Honda plans to unveil a prototype Autonomous Work Vehicle at the upcoming Consumer Electronics Show (CES) which takes place in Las Vegas next month. Over the past year, the automaker has tested the prototype in a variety of applications, including contruction, agriculture, and emergency response.
The Autonomous Work Vehicle is based on Honda’s all-terrain vehicle (ATV) chassis. It incorporates GPS and sensor-based autonomy, a rail accessory mount for a variety of accessories and attachments, and onboard power plug-ins. The vehicle can be programmed in different modes of autonomy — "Follow Me," "Pattern," and "A to B" — to accommodate a range of applications.
Since it was first introduced a year ago at CES 2018, Honda has worked with partners to beta test the vehicle in a variety of work environments, including a large-scale solar operations company, a wildland firefighting division, and an agricultural and environmental sciences college.
For the solar operations company, vegetation management is one of its biggest challenges to reliable and affordable energy generation. It currently uses both sheep and manual labor to keep the vegetation under control. Honda equipped a tow-behind mower to the Autonomous Work Vehicle allowing it to remove weeds around the solar panels efficiently and safely.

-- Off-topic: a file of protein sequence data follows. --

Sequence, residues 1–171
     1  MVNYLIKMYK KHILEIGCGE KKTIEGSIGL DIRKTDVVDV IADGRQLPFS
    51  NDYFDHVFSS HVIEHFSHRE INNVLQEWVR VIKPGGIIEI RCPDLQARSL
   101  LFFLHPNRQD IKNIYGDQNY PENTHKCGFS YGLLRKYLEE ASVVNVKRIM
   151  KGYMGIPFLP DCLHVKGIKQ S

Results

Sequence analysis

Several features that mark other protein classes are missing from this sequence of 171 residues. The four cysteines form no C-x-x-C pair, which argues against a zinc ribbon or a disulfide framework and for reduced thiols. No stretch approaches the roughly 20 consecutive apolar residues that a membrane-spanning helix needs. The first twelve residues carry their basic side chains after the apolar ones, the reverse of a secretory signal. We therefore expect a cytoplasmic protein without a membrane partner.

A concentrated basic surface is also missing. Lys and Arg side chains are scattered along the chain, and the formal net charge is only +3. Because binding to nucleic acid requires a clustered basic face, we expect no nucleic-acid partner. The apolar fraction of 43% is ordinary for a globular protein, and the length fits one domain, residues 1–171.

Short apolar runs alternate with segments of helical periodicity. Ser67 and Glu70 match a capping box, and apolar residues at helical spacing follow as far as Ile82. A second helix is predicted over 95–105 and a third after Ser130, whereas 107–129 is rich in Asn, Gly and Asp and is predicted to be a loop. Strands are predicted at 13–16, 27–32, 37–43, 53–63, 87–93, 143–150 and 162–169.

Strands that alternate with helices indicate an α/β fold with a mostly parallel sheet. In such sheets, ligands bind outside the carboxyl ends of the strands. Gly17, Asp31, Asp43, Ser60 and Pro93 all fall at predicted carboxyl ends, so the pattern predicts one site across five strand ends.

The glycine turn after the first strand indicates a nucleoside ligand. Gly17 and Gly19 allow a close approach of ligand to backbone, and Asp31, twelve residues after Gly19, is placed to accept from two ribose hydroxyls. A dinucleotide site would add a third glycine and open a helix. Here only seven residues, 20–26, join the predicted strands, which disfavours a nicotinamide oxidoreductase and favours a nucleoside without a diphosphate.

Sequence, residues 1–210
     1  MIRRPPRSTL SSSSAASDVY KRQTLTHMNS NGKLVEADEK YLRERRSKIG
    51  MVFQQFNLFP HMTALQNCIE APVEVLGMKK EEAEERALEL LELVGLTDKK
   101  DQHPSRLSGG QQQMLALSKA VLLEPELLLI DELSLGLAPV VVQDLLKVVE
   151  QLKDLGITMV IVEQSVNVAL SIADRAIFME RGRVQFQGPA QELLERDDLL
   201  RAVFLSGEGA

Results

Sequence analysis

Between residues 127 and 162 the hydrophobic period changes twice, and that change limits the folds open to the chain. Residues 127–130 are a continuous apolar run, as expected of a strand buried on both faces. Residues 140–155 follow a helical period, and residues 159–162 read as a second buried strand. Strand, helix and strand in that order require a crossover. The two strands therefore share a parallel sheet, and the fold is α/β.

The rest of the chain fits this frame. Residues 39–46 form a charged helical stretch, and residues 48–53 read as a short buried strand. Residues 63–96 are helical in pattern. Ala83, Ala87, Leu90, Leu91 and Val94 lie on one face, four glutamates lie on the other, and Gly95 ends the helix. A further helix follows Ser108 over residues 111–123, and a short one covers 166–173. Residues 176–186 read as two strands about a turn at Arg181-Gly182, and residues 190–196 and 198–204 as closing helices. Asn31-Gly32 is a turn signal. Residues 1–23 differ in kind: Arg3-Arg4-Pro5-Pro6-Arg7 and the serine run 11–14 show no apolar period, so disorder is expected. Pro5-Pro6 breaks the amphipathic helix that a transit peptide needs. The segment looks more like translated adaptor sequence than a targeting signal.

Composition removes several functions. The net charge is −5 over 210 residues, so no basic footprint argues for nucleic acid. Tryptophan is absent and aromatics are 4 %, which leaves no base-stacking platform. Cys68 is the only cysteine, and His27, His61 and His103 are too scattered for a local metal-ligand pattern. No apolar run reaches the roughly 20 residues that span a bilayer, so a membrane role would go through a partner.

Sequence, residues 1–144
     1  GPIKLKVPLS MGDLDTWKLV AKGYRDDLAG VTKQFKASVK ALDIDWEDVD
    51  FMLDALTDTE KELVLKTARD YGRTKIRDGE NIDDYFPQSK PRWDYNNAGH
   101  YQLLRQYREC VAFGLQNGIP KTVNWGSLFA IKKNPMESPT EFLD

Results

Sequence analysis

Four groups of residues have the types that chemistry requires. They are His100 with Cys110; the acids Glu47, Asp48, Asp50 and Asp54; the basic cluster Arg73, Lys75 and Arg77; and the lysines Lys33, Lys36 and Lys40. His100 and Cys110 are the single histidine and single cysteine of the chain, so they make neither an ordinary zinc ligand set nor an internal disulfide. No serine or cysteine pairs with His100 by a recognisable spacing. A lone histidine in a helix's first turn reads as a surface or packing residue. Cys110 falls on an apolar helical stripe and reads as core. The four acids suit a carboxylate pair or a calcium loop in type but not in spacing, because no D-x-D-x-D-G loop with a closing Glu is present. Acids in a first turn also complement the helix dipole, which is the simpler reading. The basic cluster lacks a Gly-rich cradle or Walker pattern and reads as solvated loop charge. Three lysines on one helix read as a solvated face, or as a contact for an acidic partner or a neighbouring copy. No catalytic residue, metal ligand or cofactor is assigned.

Currently, wildland firefighters in Colorado carry approximately 60 pounds of equipment, including chainsaws and water packs, while navigating steep terrain. To relieve this physical strain, Honda installed a gear rack on the Autonomous Work Vehicle to transport supplies, equipment, and water. The vehicle autonomously followed the firefighters with their gear in tow.
Working with an agricultural and environmental sciences college in California, the Honda Autonomous Work Vehicle supported the harvest of crops and spray applications. Honda equipped the vehicle with a gear rack and crates so agricultural workers could more easily load and transport crops using “A to B” mode. The Autonomous Work Vehicle was also fitted with a variety of work implements, including a spraying application for weed and pest control. This real-world testing demonstrated the Autonomous Work Vehicle's ability to save time and minimize the potential for injury to workers in the agriculture industry.
Originally posted on Government Fleet